Tracy Letts, of the Chicago company Steppenwolf, has written one of the best plays of the past ten years. August: Osage County is an exhilarating, multilayered family drama whose sweep and power amazed everyone who saw it on stage. His 2008 play, Superior Donuts, has a smaller, cosier canvas. We’re on the north side of Chicago in a doughnut bar run by an ageing hippie named Arthur. Yes, doughnuts. In a world seized with dietary paranoia, this long-haired old dreamer is trying to peddle wheat-based, starch-ridden, gluten-crammed, sugar-encrusted spheres of death. That’s Arthur in shorthand, stodgy and moribund.
His donkeyish life is perked up by the arrival of Franco, a chatty young black dude, who needs a job and a publisher for his novel. But Franco is carrying some bad debts from his gambling days and he’s being hounded by a pair of very polite gangsters. All this detail takes over an hour to unfold, and the action is broken up with irrelevant bittersweet scenes involving gormless cops and a motor-mouthed Russian neighbour who wants to become a millionaire. His heavily accented monologues are supposed to be gauche, quirky and hilarious. And they nearly are.
The play’s stagecraft, borrowed from Chekhov, works very well. The studied languor, the loose ends left flapping, the general free-flowing untidiness of the piece are admirable. But flaws remain. Arthur keeps breaking the fourth wall to wallow in his woe-stricken back story as a draft-dodger who was forced into exile in Canada. In the second act there’s a bareknuckle fight between Arthur and one of the gangsters with the comedy Russian serving as umpire. That’s bananas. And it’s impossible to stage convincingly. And Franco’s novel, of which only one copy exists, suffers a predictable fate.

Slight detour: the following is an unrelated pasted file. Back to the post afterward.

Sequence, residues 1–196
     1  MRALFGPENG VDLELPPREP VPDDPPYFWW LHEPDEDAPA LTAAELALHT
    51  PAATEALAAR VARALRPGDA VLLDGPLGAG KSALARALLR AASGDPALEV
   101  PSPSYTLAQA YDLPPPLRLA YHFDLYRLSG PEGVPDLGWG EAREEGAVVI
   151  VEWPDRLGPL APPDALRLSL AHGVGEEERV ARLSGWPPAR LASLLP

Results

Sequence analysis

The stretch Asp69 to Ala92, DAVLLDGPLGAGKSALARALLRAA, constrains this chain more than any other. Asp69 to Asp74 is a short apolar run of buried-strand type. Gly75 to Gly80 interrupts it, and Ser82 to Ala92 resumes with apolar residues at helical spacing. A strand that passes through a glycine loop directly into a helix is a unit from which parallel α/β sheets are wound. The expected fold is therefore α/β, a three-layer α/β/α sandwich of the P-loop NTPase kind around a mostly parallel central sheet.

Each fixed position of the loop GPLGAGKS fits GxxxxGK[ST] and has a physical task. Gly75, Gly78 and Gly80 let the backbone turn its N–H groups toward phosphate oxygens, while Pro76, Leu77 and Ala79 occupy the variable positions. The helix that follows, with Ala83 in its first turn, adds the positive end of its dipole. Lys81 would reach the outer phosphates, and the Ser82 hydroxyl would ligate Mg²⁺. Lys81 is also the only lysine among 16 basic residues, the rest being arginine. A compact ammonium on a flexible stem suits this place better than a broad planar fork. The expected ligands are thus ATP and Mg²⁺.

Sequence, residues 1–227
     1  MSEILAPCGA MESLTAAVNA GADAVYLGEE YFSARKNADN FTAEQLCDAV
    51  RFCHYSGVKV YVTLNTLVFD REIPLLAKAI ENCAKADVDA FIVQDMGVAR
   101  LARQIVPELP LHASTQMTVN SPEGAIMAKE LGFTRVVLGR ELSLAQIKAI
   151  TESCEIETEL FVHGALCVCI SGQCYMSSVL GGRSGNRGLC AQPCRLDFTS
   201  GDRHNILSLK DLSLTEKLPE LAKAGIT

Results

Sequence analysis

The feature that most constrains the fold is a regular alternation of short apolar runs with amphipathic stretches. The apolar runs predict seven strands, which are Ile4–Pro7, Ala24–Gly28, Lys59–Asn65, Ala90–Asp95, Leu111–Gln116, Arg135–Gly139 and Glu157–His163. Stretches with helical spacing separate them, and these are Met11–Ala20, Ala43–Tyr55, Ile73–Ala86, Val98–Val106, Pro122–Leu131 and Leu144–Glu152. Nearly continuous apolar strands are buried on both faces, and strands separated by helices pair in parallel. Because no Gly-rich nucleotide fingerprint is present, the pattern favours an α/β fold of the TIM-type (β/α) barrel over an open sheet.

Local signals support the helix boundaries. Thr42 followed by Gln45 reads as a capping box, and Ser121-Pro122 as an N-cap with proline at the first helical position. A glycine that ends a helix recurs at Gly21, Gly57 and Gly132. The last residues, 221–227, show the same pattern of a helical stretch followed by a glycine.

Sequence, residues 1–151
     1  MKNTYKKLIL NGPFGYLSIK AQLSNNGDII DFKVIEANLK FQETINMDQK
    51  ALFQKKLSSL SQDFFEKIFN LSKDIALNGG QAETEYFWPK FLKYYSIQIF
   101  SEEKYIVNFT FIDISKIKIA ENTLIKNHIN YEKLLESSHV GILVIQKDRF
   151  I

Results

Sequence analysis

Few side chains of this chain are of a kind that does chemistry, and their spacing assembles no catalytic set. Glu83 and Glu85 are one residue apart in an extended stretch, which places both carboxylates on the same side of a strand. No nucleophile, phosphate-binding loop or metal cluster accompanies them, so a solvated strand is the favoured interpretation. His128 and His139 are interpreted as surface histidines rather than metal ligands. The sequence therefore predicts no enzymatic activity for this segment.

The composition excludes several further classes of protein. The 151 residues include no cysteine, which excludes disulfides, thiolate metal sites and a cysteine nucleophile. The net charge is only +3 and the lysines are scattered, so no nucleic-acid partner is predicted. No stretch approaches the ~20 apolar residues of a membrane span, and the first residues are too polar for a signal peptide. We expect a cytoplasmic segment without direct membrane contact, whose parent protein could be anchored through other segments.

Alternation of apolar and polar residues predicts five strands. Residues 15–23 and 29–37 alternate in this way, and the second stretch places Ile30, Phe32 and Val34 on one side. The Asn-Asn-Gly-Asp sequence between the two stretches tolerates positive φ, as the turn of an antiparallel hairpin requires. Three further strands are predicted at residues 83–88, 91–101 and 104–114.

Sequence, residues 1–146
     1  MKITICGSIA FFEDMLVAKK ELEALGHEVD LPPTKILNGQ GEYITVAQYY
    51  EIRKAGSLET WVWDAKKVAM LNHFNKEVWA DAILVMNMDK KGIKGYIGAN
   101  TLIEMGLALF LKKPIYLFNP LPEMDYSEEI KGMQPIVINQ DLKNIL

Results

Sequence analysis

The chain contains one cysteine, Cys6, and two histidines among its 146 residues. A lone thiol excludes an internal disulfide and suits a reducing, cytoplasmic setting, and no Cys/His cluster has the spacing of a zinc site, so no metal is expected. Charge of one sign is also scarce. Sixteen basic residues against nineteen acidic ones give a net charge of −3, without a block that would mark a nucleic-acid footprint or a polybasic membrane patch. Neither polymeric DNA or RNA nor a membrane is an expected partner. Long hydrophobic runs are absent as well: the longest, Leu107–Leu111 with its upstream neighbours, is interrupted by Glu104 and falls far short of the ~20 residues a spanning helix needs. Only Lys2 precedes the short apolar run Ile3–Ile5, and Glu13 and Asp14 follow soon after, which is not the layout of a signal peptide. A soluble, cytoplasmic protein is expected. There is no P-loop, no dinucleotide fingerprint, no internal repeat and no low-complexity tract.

The show is a success but it belongs in the ‘very irritating’ category. It works, undoubtedly. I felt my heart-strings being jerked and tweaked with a delicious twang as it reached its conclusion. But goodness it’s a slog. And the take-home message — even a washed-up dope victim can find redemption through kindness — is unlikely to shatter the earth.
Six weeks? Two weeks? Ten days? The time taken by the 19-year-old Shelagh Delaney to write her first play, A Taste of Honey, has become the subject of a retrospective auction. She herself claimed to have completed the script in a fortnight when she sent it to Joan Littlewood’s Theatre Workshop in 1958. But in her covering letter she also stated, incorrectly, that she had attended a theatre only once in her life. In fact, she’d seen enough drama to know that the stereotypical ‘gormless northerner’ was a distortion. She wanted to portray characters as they were, ‘alive and cynical’.
The play begins almost as a pastiche of urban squalor. Teenage Josephine and her sexpot mother Helen move into a Salford slum surrounded by a canal, a gasworks and a slaughterhouse. They rail and bicker at each other constantly. Helen is a self-centred, hard-drinking nympho who wants to marry a slimy young car salesman and leave the helpless Josephine to her own devices. The grinding misery is enlivened by cocky put-downs. When Josephine lights a cigarette, her mother comments, ‘You’ve enough bad habits without adding to your repertoire.’ Josephine catches the eye of a friendly black sailor, Jimmy, and they begin a coy affair. He offers to marry her and he convinces himself that his promise is genuine. She pretends to believe him but fears she’ll be abandoned soon enough. And she is. Delaney’s writing here is superb. She brings out the young lovers’ fragile romanticism and unwitting self-delusion in passages of dialogue that are entirely naturalistic and full of emotional truth.
Minus her sailor-boy, Josephine befriends a gay art student, Geoffrey, who wants to become a surrogate father to the child she is now expecting. Then Helen’s marriage collapses when she discovers that her smarmy salesman is a penniless, drunken bully. ‘He threw money around like a man with no arms.’ Now homeless, Helen sets about evicting Geoffrey from the house, which she does with caustic brutality. Behind all the cattiness and sarcasm, the emotional tenderness between mother and daughter comes across very forcefully. Lesley Sharp, in excellent trim, tries a little too hard to find the comedy in Helen, who is primarily a pathetic figure rather than a grotesque. Kate O’Flynn is geeky, awkward and triumphantly charismatic as Josephine. And Harry Hepple offers strong support as the indomitably dignified Geoffrey. Bijan Sheibani’s direction has just one false note. He ends each scene with a frenzied little dance that seems tiresome, artless and distracting. And he might run the show a little faster. The last half-hour was marred by discourteous coughing from the stalls. Shelagh Delaney never wrote another successful play. But this, her one hit, is a wonder.
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